Luke Bruner, the enthusiastic young co-founder and public figurehead of the political action group California Cannabis Voice Humboldt (CCVH), spent nearly two hours this afternoon outlining the major provisions in his group’s ambitious Land Use Ordinance to the Humboldt County Board of Supervisors. The document, more than a year in the making and now in its seventh draft, aims not only to bring Humboldt County’s rampaging marijuana industry into some semblance of order through a series of governmental regulations but also to serve as a template for regulation throughout rural California. 

It’s the product of considerable effort and organization from a group few had heard of a year ago, and the task they undertook — trying to entice a profitable black market into the bonds of regulation and taxation on the one hand while, on the other, trying to convince the government to let an industry draft its own regulatory laws — could aptly be described as Herculean.

The daunting nature of that challenge was underlined this afternoon when Bruner’s presentation, and the document underpinning it, were met with contemptuous critiques from local environmental leaders and, at best, a wary appreciation from the Board of Supervisors.

At the outset of his address, Bruner had staff pull up a copy of the ordinance from his group’s website and project it onto the screen in supervisors’ chambers. Echoing his words at last week’s public rally (albeit in a more composed tone), Bruner called the ordinance “a triumph” and proceeded to outline its 12 sections.

As the Outpost noted in a previous post, the proposed ordinance hinges on the addition of “cannabis” to the county’s definition of general agriculture. Once that change was in the books, Bruner explained, cannabis could be grown on any parcel in the county where general ag is currently allowed — including land zoned for timber production (TPZ). The exception would be within the Coastal Zone since the California Coastal Commission won’t allow it.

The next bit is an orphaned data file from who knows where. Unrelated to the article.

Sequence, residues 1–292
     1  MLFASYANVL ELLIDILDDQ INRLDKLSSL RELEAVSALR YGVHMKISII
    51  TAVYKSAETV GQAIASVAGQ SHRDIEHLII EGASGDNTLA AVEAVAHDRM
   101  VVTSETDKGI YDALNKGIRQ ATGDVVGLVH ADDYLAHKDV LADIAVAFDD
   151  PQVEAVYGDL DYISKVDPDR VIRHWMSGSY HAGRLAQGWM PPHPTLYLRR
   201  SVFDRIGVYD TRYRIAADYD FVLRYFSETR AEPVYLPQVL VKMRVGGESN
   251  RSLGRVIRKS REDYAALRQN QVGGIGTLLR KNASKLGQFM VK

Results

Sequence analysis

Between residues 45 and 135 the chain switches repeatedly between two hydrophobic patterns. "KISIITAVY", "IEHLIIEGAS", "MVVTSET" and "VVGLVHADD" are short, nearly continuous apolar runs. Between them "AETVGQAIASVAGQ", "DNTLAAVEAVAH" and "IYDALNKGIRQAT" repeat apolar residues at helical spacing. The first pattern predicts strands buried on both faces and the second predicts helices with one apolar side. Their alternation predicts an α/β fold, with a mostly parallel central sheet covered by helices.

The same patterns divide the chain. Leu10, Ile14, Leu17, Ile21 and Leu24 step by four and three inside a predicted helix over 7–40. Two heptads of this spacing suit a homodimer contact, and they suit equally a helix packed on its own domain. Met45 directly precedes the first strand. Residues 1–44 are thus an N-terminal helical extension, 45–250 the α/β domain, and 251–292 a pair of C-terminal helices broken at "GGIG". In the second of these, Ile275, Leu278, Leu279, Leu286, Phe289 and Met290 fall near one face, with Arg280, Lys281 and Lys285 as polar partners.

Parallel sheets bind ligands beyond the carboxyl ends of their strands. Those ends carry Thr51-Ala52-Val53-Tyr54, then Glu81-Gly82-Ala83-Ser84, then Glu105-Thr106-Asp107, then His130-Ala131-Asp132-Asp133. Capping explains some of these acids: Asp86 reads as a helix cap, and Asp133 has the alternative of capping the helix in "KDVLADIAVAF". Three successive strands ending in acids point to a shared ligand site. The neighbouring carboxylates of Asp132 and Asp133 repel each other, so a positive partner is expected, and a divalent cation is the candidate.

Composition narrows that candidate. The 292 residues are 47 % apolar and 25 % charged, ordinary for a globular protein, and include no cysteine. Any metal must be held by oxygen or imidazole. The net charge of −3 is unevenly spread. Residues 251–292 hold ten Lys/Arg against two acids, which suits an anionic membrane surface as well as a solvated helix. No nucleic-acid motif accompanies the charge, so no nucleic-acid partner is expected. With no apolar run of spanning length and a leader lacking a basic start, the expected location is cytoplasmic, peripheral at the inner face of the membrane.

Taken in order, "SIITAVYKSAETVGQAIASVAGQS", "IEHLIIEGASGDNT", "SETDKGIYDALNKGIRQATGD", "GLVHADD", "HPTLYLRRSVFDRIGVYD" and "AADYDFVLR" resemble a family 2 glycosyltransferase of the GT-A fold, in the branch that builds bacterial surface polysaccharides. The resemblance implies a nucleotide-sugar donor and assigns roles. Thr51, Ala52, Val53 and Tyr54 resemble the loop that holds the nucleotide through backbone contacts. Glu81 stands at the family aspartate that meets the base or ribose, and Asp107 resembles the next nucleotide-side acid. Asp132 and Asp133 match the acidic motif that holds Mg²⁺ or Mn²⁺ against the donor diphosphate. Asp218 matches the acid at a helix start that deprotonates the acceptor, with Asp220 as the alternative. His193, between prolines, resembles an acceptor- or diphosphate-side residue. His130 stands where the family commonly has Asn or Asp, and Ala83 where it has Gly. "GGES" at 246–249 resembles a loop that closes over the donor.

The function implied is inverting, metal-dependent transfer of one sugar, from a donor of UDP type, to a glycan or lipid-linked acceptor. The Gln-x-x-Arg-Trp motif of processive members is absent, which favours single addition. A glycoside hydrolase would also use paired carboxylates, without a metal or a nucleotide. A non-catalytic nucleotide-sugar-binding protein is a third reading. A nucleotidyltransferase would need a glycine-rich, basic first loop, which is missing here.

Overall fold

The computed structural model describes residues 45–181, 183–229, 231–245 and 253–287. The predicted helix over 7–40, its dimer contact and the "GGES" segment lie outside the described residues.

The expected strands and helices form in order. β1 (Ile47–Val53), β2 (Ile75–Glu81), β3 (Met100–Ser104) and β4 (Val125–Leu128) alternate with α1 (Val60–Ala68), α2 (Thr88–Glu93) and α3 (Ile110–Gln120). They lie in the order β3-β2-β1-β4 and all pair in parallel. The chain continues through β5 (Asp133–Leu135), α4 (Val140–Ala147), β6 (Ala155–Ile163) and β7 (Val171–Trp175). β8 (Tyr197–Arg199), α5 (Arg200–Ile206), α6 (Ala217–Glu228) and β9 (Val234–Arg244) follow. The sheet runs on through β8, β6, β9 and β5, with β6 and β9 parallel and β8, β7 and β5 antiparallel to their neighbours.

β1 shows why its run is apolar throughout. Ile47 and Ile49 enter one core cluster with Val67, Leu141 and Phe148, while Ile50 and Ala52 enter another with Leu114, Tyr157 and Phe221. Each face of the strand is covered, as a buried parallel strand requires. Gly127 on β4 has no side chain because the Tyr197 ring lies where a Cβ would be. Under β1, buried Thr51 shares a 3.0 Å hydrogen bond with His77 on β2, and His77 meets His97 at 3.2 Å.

The ordinance would divide grows into three tiers:

1) Those with a maximum canopy size of 600 square feet or less (on parcels of at least five acres) would be principally permitted, meaning no permits required.

2) Those with canopies of 601 to 6,000 square feet would require a seller’s permit, which would be granted as a matter of course, Bruner said, so long as the parcel owners have obtained the appropriate permits from the California State Board of Equalization, California Departments of Fish & Wildlife and Forestry and Fire Protection, and the State Water Control Board. 

3) Those with canopies of 6,001-10,000 square feet would have the same requirements as the above tier plus drying, processing and washing facilities would be required either on-site or through a written contract with a permitted facility.

And it’s worth noting that grows larger than 10,000 square feet would not be prohibited under the ordinance; instead they would be allowed under the discretion of the Board of Supervisors. 

“We don’t believe, however, that 10,000 square feet represents a mega-grow,” Bruner said. “Look on Google Earth. … We think that’s a micro-farm.” He argued that no one objects to 10,000 square feet of wine grapes or an apple orchard. “The objections appear to be to cannabis itself.”

The ordinance would give significant deference to growers with preexisting operations, allowing them two years or more to come into compliance with local regulations. New farms, meanwhile, would require conditional use permits and full environmental review.

Bruner defended his group’s inclusiveness in drafting the ordinance. “Our public process has been robust,” he said, explaining that there have been 30 public meetings over the past year and more than 100 small group meetings where people often consumed cannabis — “because there’s nothing morally wrong with that,” he said — and discussed the future. He also reminded the board of his group’s meetings with various state officials, including Lt. Governor Gavin Newsom. And Bruner unveiled the group’s latest document — an excise tax initiative [Word document here] that proposes taxes at the following rates: